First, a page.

I eventually came to the realisation that none of them are 'for me' and gave up trying to make myself enjoy them. And that's ok! It leaves more time for playing _good_ games.

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Yeeeah I should give this another shot, but the ultra serious grimness of it all at the beginning was too much for me. Not that I thought it was overly effective, just corny.

Good idea for a thread. I‘ve been wondering whether Record of Lodoss War-Deedlit is for me for a while. It looks cool bur all I really know is that it’s another Metroidvania. My questions are:

  • - Does it require knowledge of the franchise? I have none.
  • - How much in the way of backtracking and figuring out where to go is there? I'm a bit sick of games that force you to frequently backtrack and prefer something more guided these days.
  • - In relation to the above - were you satisfied that the game ended when it did or were you tiring of it by the time it ended?
  • Team Ladybug‘s metroidvanias tend to be very compact and not especially dense—they’re more like longer-than-average action games with a small amount of interconnectivity between areas, and they're more commonly criticised for being too short/undercooked than anything else.

    @“Syzygy”#p71541 Awesome, thanks!

    Yeah, just to add to the deedlit thing, I was pretty disappointed. it looks like a ~vania but it‘s not really much of one (which could work in your favor), but the main thing is it’s just kinda… a bit limp! The movement doesn‘t feel good, the action isn’t tight, I played it once and just never went back to it. It's forgettable!

    I've seen and forgotten all the lodoss stuff and I didn't find that too important really. you understand it as much as you understand any castlevania story, it's barely a factor.

    I do want to try it again, but I think I shot myself in the foot by waiting for the physical release, so I got it like 5 months after its console release, and finally played it and was like... eh! It's fine I guess. I wanted more!

    @“exodus”#p71586 This is super helpful. I get wildly put off a game if it doesn‘t feel good to play, and if you’ve found it a bit limp then that‘s unlikely to want to make me finish it. Perhaps my initial ignorant impression of the game is testament to to what my informed impression might be after playing it. I dunno, I’ll probably give it a spin if I see it going for a good discount. Thanks!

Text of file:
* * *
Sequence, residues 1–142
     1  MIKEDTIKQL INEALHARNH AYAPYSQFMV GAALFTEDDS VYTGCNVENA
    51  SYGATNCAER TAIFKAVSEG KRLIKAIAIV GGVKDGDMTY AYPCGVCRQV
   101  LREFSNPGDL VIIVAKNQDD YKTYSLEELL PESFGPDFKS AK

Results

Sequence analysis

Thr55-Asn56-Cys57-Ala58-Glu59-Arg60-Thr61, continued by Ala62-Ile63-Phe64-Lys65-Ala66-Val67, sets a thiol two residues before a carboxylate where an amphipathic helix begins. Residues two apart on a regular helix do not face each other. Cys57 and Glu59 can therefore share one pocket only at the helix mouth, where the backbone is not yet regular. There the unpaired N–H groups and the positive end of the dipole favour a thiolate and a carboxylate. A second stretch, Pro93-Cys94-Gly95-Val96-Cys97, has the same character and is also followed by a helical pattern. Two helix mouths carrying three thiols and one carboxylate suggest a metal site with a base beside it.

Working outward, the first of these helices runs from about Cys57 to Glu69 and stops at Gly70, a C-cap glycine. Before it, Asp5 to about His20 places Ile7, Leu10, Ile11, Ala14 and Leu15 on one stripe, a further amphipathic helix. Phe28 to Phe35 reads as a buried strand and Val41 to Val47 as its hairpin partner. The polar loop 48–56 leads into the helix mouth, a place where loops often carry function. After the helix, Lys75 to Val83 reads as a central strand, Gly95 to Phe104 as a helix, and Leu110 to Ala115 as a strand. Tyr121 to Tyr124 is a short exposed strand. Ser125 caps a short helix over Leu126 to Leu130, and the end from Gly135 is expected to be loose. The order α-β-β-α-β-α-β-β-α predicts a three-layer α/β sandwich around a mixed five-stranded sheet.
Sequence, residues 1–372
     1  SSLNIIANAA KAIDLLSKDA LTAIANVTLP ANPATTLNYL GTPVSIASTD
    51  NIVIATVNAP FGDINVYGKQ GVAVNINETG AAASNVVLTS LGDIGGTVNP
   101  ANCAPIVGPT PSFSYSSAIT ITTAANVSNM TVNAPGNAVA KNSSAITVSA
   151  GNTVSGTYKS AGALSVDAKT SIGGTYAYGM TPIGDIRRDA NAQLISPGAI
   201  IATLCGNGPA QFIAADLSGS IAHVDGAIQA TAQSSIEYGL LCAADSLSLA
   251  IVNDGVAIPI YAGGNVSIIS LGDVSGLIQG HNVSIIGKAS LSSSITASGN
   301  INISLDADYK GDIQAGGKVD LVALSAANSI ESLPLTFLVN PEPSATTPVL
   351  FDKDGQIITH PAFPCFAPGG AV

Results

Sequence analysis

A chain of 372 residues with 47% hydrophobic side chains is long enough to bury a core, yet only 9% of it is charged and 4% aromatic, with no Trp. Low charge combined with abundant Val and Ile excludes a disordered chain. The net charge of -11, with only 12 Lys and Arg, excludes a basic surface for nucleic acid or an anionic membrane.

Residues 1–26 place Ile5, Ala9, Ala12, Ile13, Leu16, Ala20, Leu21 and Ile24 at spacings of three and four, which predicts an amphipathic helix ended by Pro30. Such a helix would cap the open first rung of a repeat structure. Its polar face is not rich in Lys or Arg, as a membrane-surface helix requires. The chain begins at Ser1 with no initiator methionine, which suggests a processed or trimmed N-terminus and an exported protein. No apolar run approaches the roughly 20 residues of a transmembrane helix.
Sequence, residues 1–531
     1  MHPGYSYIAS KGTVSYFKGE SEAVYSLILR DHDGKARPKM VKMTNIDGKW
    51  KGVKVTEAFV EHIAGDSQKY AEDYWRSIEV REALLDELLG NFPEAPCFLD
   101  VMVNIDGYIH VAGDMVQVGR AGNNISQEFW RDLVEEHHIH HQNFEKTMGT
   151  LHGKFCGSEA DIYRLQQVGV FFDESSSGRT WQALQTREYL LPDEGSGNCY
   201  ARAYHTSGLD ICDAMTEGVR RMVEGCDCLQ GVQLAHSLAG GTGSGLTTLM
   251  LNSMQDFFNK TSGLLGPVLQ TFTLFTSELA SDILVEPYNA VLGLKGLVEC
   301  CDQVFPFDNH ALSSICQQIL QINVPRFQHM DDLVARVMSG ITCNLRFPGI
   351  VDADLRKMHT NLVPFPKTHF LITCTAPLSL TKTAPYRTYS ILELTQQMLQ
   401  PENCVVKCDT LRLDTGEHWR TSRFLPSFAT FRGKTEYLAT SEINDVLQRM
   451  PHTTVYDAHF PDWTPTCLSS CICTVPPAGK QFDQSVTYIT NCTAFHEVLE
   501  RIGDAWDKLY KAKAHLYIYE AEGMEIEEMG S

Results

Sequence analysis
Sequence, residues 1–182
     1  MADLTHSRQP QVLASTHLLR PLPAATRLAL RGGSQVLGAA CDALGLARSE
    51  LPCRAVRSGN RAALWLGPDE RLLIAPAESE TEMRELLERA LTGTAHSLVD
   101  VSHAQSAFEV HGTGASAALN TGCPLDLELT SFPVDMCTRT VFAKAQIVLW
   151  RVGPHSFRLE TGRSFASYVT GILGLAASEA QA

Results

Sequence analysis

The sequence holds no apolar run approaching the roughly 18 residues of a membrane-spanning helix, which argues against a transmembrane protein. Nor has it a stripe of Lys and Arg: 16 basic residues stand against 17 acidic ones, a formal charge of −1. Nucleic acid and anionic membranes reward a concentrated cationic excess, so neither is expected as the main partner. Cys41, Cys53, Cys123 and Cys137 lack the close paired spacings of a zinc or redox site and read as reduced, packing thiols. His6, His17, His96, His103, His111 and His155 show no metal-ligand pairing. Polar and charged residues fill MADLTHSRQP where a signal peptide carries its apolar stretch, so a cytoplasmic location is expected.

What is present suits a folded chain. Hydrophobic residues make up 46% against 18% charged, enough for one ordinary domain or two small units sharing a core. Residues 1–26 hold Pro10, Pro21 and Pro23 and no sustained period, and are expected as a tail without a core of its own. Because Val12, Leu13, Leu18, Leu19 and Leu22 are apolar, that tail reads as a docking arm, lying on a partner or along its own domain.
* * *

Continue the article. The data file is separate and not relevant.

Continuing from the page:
Ladybug‘s games are much more like Wonderboy-style adventures of linear stage progression, but with interconnected maps. Which, honestly, is fine! But they’re not really metroidvanias in the traditional sense of exploring a huge connected world progressively.

    It's been the same with their other games (Touhou Luna Nights, SMT Synchronicity, etc) so it's just the vibe that works for them. If you go in expecting that from them, you'll have a good time, but SotN-likes they are not. .. Even if they understand that Alucard's cape is an intensely important part of the experience.

    i‘m having a hard time liking dungeon encounters. i had a bit of a breakthrough when i (an idiot) realised that some characters have coordinates listed on the party organising screen and you have to get out there and find them. my guys were chugging along nicely for the first 12 levels or so, backtracking to heal when appropriate, but the difficulty was satisfying if not too punishing. then, i run into a guy, he’s putting out numbers in tens of thousands and my babies are in the low hundreds. can‘t run away, everyone gets OHKOd. then the game says "make a new party out of whoever’s left" and i'm not sure i want to!

    @“rootfifthoctave”#p71593 My personal recommendation is to persevere with what has happened. Everything that happens in that game is a learning experience. That very same thing happened to me - there‘s a tile that has a hexadecimal reading of something like F# and it’s there to teach you to be cautious of high level readings. They appear sporadically on later floors but the game will give you the tools to avoid them, and it adds a layer of tension to the whole game.

    With that particular encounter I used a couple of reserve members to go out and collect my dead comrades (make sure you have open spots in your party otherwise you won't be able to collect them), and that was it - lesson learned, and I alternated between my main party and my rescue party for the whole game whilst only picking up maybe one or two new characters in the entire game.